Obviously, she has never been able to provide us with the numbers to back up her statements. On the other hand, she always gives numbers related to people who work more or who earn higher wages.
     Here are the facts. The recovery formula used in the current 2012-15 program is likely to discourage many claimants from part-time work or low-wage work, because some of them will earn less than under the system that was in effect from 2005 to 2012.
     The proof is in the amount of money provided for this program. Here are the numbers: in 2009, $141 million was earmarked for the project; in 2010, this amount was $132 million; and in 2011, it amounted to $130 million.
    So when the Conservatives say that the new program is better but only $74 million over two years—or $37 million per year—is allocated in the 2012 budget, we have obvious reasons to be skeptical.
    The employment insurance system was designed to help workers and their families in the event that they lost their jobs. What I have talked about today clearly shows that the system's initial purpose has been hijacked. The employment insurance fund must be used to provide benefits to unemployed workers and not to balance a budget or impose an additional tax on workers and employers.
    I hope that the government will listen to reason and revisits its policies, which clearly attack unemployed workers more than unemployment and have swollen the ranks of the unemployed to more than 1.4 million, including nearly 900,000 workers who have no access to benefits. Otherwise Canadians will have to wait until October 2015 for the first NDP government to deal with the real problems of our society.



    Mr. Speaker, I thank my colleague from Hochelaga for reminding members present of one important fact that seems to get lost in the debate around employment insurance, and she mentioned it early on in her speech, which is that it is not the government's money.
    The EI fund, since 1990, has been comprised exclusively from contributions by employers and employees to provide income maintenance for those who are unfortunate enough to lose their jobs.
    Where does the government even get off, making unilateral and arbitrary changes to eligibility, benefits and clawbacks, changes that it willy-nilly throws around, seemingly without much research and without much impact study. Where does it even have the right to do this without consulting the very people who pay for the fund?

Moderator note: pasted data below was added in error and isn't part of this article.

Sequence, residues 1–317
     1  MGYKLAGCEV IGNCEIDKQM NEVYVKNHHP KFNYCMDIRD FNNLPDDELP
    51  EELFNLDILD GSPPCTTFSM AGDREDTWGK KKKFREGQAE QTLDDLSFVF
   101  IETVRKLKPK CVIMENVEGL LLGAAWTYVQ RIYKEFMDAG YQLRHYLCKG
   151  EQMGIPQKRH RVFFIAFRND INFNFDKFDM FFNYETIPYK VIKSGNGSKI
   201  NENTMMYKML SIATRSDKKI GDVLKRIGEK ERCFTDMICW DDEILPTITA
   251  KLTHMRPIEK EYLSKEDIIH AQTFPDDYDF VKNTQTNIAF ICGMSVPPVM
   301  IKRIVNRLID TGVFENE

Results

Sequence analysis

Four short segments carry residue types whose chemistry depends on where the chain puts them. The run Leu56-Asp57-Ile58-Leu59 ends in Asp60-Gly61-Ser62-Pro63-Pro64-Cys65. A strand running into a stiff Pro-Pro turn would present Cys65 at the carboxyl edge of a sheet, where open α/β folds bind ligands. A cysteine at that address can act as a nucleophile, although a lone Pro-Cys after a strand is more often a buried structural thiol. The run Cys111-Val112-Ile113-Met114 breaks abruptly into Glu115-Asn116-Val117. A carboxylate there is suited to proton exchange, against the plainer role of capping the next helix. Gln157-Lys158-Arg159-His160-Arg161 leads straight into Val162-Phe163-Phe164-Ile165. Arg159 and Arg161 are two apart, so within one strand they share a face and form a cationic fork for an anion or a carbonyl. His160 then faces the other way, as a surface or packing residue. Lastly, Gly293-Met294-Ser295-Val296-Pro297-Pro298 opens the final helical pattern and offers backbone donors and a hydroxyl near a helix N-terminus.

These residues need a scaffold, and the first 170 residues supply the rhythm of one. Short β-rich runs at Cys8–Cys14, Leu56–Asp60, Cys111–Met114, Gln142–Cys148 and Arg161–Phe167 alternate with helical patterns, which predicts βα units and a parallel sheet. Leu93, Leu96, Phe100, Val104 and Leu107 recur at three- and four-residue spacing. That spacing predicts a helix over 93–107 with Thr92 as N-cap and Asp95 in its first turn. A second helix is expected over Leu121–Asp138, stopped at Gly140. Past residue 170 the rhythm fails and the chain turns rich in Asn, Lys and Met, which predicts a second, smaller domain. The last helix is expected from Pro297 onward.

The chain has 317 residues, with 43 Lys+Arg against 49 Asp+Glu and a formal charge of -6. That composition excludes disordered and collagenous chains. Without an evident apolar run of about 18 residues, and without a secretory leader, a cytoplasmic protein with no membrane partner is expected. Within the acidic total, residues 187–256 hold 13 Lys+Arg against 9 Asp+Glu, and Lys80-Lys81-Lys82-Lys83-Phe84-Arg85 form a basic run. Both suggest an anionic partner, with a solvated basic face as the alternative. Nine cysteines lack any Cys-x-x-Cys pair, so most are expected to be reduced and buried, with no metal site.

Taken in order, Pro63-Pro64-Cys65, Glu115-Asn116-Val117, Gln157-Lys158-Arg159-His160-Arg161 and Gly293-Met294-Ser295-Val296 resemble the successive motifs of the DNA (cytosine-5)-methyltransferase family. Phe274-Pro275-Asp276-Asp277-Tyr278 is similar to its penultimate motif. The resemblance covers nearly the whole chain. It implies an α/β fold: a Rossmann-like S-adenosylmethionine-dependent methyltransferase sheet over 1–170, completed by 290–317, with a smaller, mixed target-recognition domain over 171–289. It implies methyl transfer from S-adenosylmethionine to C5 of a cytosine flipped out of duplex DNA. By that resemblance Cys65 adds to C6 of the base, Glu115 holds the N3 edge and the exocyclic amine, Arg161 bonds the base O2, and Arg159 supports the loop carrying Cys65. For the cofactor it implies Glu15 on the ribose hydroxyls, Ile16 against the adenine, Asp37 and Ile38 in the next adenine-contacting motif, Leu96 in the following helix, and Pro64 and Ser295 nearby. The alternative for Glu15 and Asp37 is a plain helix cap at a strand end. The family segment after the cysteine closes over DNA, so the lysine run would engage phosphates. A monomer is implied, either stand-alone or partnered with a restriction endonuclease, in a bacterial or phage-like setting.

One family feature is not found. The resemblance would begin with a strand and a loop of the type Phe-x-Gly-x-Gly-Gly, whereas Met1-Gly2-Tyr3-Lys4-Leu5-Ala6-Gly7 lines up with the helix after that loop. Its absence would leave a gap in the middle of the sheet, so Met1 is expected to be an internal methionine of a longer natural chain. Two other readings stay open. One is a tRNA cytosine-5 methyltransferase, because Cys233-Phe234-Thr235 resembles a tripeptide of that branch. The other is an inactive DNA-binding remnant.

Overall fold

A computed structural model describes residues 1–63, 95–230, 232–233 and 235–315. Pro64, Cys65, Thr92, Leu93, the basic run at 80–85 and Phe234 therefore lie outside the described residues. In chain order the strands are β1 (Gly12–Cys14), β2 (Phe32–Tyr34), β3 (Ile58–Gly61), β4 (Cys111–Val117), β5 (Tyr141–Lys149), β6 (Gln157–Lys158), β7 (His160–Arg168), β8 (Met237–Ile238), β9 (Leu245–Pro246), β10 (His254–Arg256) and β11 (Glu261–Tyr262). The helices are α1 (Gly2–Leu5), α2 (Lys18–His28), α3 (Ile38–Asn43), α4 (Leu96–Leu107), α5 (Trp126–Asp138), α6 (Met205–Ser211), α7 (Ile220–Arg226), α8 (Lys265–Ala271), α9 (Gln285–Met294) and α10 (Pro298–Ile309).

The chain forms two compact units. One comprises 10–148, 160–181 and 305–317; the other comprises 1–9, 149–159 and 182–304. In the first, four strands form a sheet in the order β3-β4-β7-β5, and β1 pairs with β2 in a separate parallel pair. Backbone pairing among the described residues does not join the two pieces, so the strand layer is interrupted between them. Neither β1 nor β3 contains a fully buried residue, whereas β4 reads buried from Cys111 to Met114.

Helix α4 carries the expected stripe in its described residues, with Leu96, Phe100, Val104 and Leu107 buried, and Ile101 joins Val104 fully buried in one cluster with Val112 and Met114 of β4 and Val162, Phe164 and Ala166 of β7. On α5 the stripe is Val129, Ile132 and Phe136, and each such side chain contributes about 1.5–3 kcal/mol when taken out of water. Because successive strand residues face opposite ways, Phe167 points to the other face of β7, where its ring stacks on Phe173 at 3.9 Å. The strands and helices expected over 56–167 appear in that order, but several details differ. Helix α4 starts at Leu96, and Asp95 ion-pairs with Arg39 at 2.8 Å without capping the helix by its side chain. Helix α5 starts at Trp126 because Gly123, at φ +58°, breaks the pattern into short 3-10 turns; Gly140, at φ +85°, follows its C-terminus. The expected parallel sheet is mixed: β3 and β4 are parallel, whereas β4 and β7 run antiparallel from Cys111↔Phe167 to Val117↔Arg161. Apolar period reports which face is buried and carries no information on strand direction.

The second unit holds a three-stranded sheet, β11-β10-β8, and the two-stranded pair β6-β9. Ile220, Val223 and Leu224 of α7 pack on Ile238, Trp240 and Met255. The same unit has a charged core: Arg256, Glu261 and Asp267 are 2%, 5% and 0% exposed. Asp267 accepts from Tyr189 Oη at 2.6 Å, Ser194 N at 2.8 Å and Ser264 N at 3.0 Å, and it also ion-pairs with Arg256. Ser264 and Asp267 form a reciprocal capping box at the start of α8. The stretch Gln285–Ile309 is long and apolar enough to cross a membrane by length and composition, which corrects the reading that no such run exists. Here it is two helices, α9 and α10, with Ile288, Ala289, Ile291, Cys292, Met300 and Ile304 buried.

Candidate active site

Mr. Speaker, I completely agree. The government should not have the right to touch that money because, as my colleague was saying, it is not the government's money. Furthermore, there is less and less money in this fund for workers.
    In the 19th century, families and religious groups would help people. I think we will have to go back to that because government help for the unemployed is dwindling. The social safety net is eroding, even disappearing. We will have to go back to having large families with lots of children and to helping everyone.


    Mr. Speaker, I would like to point out to the House that Mathew Wilson, the vice-president of national policy of the Canadian Manufacturers and Exporters, stated:
    If fewer Canadians are relying on EI because they have found employment, which is the ultimate goal of the program changes, there will be less of a financial burden on the system.
    Our government's top priority is creating jobs and long-term prosperity for Canadians. Why will the opposition not support these initiatives to help the Canadian economy?


    Mr. Speaker, I knew that the hon. member would ask me that question. The Conservatives are assuming that everyone can find a full-time job, but that is not true.
    I know plenty of people who are working in the museum community or as guides on Parliament Hill, for example. There are plenty of people who cannot get a full-time job because such jobs do not exist in their field.
    At the museum where I used to work, there are technical support employees who work only during events, but events are not held 35 hours a week. Events last only a few hours and are held only a few nights a week. These people cannot work full-time.
    People who have a part-time job at a convenience store in Hochelaga are not going to go and work in Alberta's oil fields. Not everyone can go from a part-time job to a full-time job. It is not realistic.